By Maya Cruz
Things you never had can be yours. Things you had for a time can be yours again. Carve your way, pay the price.
Same walk, same route nearly every day. However, there are precious stones lodged in cracks amongst monotony, and anything can be a gem if you’re paying attention.
“Mimi” was one of those things my mind’s hands grazed every day, fingertips on every line and corner in the frame my eyes could see, placing it all in any open pocket like a Rite-Aid thief. Usually, my mind’s hands would just brush over “Mimi” and her children and the way the sun caught on their teal blue tent; maybe somewhere, my mind would exhale and think, “that’s nice and soft.” That day my attention was grabbed with vigor, blade brought to my palms and moved in a manner that would surely scar. I don’t know if I’ll ever get to remember the frame as it was versus how it felt after spoiled and curdling attention, humanity, tainted it that day.
From what I’d seen, she was a gentle crier. The boy and the baby were too. They were in and out of being enveloped in embrace a lot, like falling in and out of sleep. Their three bodies seemed to join as one figure, exhaling when the kids were engulfed by the tenderness of her arms and her tumbling black hair. They all looked a mess, but they were settling to the eye like the satiating smell of basement.
This time when she brought them close to her ribs, she kissed them both on the forehead, and her cry was not so gentle. They cried too, a writhing, ugly cry. “Mama has to go,” she said through ugly inhales. “I’ll be back, though. Please watch him, Juno. Please, don’t leave this tent. I’ll be right back… I’ll… be right back.”
And just like that, breast was torn from mouth; mouth left agape and wailing, Juno also left agape and wailing through his blank stare, holding tightly onto this baby his mother had just placed in his arms as she walked up the stairs. He was nameless to me until his mother’s parting. The baby mumbled “Mimi, Mimi” through blaring cries. And she walked off. She went above, ascending the stairs I hate so much, and that was all it took for me to understand exactly what was going on. She must’ve wanted to Trance.
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It took me months to separate myself from the cotton that was that experience. Sticky cotton, dry and clinging to the hair on my arms, sticking in the crevices of my mind. I cried and dried my tears with the cotton to shrink it, let it dry, and pulled it apart to spin it. Notebook in hand, I collected myself to put together some stringy words:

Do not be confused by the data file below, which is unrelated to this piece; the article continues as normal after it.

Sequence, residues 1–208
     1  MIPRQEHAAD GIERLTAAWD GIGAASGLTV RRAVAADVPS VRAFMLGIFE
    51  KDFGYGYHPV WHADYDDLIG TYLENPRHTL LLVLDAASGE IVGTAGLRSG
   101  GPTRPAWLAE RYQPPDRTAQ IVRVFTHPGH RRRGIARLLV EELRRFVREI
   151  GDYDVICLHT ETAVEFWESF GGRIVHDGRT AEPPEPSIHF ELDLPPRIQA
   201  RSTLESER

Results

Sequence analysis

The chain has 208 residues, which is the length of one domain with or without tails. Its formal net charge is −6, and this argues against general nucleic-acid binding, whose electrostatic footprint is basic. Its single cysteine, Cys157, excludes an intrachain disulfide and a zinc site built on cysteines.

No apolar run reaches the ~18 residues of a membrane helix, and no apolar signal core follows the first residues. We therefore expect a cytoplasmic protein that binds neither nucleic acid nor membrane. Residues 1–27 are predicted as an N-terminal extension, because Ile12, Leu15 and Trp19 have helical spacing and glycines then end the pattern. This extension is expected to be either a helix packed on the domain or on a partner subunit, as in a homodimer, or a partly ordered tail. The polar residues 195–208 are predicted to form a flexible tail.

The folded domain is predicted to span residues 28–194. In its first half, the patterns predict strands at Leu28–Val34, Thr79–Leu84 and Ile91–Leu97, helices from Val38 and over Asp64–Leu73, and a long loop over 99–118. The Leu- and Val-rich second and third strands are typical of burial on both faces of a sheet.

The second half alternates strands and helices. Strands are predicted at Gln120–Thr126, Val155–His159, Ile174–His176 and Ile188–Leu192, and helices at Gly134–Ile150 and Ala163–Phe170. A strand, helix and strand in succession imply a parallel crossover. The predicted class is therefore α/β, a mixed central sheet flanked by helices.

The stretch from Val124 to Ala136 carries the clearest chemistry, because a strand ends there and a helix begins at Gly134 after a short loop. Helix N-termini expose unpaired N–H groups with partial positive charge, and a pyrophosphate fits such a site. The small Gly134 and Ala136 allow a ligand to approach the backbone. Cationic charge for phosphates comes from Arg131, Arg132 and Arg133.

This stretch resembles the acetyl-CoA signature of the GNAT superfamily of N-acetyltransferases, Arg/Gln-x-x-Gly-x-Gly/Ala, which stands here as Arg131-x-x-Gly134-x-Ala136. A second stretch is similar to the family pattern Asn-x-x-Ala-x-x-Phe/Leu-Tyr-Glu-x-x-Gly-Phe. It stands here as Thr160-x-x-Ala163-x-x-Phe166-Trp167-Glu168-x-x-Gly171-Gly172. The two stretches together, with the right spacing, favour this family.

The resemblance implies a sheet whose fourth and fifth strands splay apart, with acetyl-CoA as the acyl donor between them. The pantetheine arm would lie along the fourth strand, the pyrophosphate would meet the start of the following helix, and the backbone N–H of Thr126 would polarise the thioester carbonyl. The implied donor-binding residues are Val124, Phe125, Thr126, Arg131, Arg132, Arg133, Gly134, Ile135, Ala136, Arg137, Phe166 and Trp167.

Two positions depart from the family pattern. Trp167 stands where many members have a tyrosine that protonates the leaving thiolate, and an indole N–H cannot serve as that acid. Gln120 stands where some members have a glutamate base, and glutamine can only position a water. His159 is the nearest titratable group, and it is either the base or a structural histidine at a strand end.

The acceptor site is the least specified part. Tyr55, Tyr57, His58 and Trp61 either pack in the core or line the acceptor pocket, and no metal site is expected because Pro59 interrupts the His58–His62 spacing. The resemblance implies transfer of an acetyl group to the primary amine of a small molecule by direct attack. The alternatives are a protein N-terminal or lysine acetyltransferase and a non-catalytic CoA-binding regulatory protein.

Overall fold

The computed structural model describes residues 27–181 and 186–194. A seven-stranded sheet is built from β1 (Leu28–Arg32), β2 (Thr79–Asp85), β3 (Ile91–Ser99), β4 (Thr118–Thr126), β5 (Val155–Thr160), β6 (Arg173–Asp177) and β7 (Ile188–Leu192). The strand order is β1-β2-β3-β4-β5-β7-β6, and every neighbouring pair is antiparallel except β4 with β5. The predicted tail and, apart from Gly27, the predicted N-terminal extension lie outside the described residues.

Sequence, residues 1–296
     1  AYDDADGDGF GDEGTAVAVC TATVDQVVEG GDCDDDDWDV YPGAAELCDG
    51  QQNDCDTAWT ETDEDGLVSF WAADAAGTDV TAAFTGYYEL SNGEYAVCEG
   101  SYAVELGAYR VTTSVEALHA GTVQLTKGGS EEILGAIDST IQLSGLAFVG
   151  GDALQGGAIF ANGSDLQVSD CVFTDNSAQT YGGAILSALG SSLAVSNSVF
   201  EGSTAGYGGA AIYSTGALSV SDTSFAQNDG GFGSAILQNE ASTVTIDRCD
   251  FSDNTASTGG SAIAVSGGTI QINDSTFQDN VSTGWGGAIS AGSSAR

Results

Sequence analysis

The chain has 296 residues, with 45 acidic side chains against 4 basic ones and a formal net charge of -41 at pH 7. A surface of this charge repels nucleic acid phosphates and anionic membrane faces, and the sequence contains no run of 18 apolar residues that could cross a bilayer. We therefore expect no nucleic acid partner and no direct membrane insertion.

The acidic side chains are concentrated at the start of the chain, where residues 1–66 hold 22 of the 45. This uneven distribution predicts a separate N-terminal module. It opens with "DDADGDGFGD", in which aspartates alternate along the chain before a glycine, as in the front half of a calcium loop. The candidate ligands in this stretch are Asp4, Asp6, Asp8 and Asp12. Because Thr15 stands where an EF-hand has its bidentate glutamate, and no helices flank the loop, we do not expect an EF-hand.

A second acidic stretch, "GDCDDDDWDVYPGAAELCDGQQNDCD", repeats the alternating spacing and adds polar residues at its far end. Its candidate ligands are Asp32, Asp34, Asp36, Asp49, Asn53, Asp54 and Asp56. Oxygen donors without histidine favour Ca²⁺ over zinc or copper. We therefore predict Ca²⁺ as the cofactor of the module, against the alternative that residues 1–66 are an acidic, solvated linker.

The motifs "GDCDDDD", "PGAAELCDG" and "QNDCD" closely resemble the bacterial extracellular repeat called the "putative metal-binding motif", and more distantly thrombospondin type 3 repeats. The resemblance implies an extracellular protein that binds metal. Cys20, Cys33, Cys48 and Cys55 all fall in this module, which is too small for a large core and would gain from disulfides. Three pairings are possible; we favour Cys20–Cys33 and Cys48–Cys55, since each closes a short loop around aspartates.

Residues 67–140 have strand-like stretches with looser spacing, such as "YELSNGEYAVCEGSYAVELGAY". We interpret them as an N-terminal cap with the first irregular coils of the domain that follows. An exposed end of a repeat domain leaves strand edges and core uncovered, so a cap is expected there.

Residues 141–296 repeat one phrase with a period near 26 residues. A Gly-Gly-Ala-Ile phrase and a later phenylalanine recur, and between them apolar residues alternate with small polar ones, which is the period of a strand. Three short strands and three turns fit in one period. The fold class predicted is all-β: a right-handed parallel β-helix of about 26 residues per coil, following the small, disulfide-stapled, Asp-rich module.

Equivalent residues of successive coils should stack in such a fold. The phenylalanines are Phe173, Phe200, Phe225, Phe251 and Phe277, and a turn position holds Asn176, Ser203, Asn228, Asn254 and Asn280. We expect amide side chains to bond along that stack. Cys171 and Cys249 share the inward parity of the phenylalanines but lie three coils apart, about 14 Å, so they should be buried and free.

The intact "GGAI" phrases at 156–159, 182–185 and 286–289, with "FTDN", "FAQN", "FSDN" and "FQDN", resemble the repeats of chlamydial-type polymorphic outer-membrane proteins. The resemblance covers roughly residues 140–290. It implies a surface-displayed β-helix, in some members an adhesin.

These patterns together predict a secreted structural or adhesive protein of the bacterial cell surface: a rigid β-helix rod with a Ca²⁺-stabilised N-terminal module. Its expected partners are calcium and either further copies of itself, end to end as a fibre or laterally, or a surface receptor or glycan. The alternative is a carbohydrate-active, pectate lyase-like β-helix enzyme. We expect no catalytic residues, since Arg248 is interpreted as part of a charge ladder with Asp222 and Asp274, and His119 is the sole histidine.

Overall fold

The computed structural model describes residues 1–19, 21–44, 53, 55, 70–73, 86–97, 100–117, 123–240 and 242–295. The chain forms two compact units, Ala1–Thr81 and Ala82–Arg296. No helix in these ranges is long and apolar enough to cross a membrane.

Sometimes tears of water can feel like acid. Other times, the sting ties in the center of your ribcage, and you tighten up; you can feel it extend downwards, rooting at the earth, simultaneously ripping away into the atmosphere, leaving a wraithlike tension in the center. Sometimes that absence of everything, the fertilization, growth, buildup of antimatter inside, that vignette in your vision and hum in your ear, can gift you with true stillness. Still like a gargoyle is still, still like a photograph is still, still like a horrified person is still. I let it pass and kiss it goodbye, swallow hard and let my acid tears unfurl. I direct myself away, and the sheet of blankness settles over my shoulders and tickles my spine, brushing on the backs of my knees and resting atop my ears, covering my eyes. Moments like that make me a sheet ghost; eyes and not much else. I am still feeling to my fullest capacity, despite that.
Many days passed, and many days the children remained, tightly enclosed by blankets and teal tent walls, patiently waiting for her return, like she’d left the nest to hunt. In reality, she’d left for herself, and they sat there, motherless. Their hunger was folded in the baby’s rhythmic inhales and whines, followed by Juno’s frantic hushing; they hungered for her in the sweat beading in the blanket and on their foreheads. I hoped their mother was a strong woman, the kind who could carry a lot in her hands and who loved like the mouth of a feline. Would lick their fur clean and still have fangs to bare, if need be.
I began with the seed of an idea and an hourlong freewrite. I went from what felt most relevant: the bare emotions and observations from the world around me that felt so true that they’d apply just as much to the one I created. I was inspired by the abandoned subway station at City Hall in New York City. Walking on city blocks, the world above is so chaotic that we sometimes forget the carving we’ve done below, and I find that hidden grid of interconnectedness extremely interesting. What if people were to occupy it? What would it take for us to go underground, return to caves, come full circle and exit what we’ve carved of our world? It seems like an endless loop, and in this loop of above and below, tunnels and carving and caves, I see so many reflections of my experience. I learned a lot about letting writing be writing, not worrying about story context or how “good” it seems, but more just writing something that feels true to me and rolls without me forcing it along too much.
Maya Cruz is a New York City born and raised daughter, sister, and student. She has a burning passion for the arts and the overlap they have with the natural world. Writing especially has helped her evolve her perspective, which she hopes to continue sharing.